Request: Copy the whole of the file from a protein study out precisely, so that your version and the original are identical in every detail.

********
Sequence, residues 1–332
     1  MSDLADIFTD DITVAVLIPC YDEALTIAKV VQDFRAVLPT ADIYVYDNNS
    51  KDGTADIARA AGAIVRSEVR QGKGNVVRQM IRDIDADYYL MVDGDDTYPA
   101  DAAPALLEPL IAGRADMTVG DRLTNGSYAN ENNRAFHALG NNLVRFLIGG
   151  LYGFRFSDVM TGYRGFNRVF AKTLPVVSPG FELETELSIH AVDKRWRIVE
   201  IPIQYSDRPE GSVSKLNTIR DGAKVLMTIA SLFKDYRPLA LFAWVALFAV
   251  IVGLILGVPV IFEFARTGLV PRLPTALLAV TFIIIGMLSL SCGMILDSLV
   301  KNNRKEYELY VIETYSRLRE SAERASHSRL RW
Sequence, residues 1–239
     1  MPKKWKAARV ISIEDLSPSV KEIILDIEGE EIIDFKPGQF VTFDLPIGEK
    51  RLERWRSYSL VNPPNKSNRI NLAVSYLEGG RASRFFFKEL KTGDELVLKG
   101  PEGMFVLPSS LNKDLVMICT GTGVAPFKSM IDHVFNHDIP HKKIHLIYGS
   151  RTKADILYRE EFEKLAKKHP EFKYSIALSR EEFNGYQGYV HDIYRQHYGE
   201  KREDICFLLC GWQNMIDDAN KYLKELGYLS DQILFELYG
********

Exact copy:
Sequence, residues 1–332
     1  MSDLADIFTD DITVAVLIPC YDEALTIAKV VQDFRAVLPT ADIYVYDNNS
    51  KDGTADIARA AGAIVRSEVR QGKGNVVRQM IRDIDADYYL MVDGDDTYPA
   101  DAAPALLEPL IAGRADMTVG DRLTNGSYAN ENNRAFHALG NNLVRFLIGG
   151  LYGFRFSDVM TGYRGFNRVF AKTLPVVSPG FELETELSIH AVDKRWRIVE
   201  IPIQYSDRPE GSVSKLNTIR DGAKVLMTIA SLFKDYRPLA LFAWVALFAV
   251  IVGLILGVPV IFEFARTGLV PRLPTALLAV TFIIIGMLSL SCGMILDSLV
   301  KNNRKEYELY VIETYSRLRE SAERASHSRL RW
Sequence, residues 1–239
     1  MPKKWKAARV ISIEDLSPSV KEIILDIEGE EIIDFKPGQF VTFDLPIGEK
    51  RLERWRSYSL VNPPNKSNRI NLAVSYLEGG RASRFFFKEL KTGDELVLKG
   101  PEGMFVLPSS LNKDLVMICT GTGVAPFKSM IDHVFNHDIP HKKIHLIYGS
   151  RTKADILYRE EFEKLAKKHP EFKYSIALSR EEFNGYQGYV HDIYRQHYGE
   201  KREDICFLLC GWQNMIDDAN KYLKELGYLS DQILFELYG